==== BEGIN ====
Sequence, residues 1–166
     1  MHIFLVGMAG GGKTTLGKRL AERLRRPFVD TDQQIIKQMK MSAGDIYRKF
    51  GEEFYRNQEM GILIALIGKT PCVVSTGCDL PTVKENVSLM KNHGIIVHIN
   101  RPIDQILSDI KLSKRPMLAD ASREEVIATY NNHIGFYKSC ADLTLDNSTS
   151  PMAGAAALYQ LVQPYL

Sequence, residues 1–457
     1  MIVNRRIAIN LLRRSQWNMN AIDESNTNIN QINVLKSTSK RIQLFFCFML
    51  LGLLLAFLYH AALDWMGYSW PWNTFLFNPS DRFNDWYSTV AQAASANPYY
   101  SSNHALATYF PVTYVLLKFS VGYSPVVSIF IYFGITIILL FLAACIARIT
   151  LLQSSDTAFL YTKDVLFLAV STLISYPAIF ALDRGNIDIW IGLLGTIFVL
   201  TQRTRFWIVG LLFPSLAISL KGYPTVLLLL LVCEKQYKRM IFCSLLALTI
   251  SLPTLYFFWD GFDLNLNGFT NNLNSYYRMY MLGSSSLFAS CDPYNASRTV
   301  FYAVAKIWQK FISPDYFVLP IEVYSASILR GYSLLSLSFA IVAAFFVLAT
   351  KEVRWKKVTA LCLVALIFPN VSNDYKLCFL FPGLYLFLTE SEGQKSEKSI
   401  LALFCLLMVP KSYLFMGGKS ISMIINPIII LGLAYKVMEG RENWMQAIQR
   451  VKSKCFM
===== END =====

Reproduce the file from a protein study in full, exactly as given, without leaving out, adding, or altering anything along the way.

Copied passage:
Sequence, residues 1–166
     1  MHIFLVGMAG GGKTTLGKRL AERLRRPFVD TDQQIIKQMK MSAGDIYRKF
    51  GEEFYRNQEM GILIALIGKT PCVVSTGCDL PTVKENVSLM KNHGIIVHIN
   101  RPIDQILSDI KLSKRPMLAD ASREEVIATY NNHIGFYKSC ADLTLDNSTS
   151  PMAGAAALYQ LVQPYL

Sequence, residues 1–457
     1  MIVNRRIAIN LLRRSQWNMN AIDESNTNIN QINVLKSTSK RIQLFFCFML
    51  LGLLLAFLYH AALDWMGYSW PWNTFLFNPS DRFNDWYSTV AQAASANPYY
   101  SSNHALATYF PVTYVLLKFS VGYSPVVSIF IYFGITIILL FLAACIARIT
   151  LLQSSDTAFL YTKDVLFLAV STLISYPAIF ALDRGNIDIW IGLLGTIFVL
   201  TQRTRFWIVG LLFPSLAISL KGYPTVLLLL LVCEKQYKRM IFCSLLALTI
   251  SLPTLYFFWD GFDLNLNGFT NNLNSYYRMY MLGSSSLFAS CDPYNASRTV
   301  FYAVAKIWQK FISPDYFVLP IEVYSASILR GYSLLSLSFA IVAAFFVLAT
   351  KEVRWKKVTA LCLVALIFPN VSNDYKLCFL FPGLYLFLTE SEGQKSEKSI
   401  LALFCLLMVP KSYLFMGGKS ISMIINPIII LGLAYKVMEG RENWMQAIQR
   451  VKSKCFM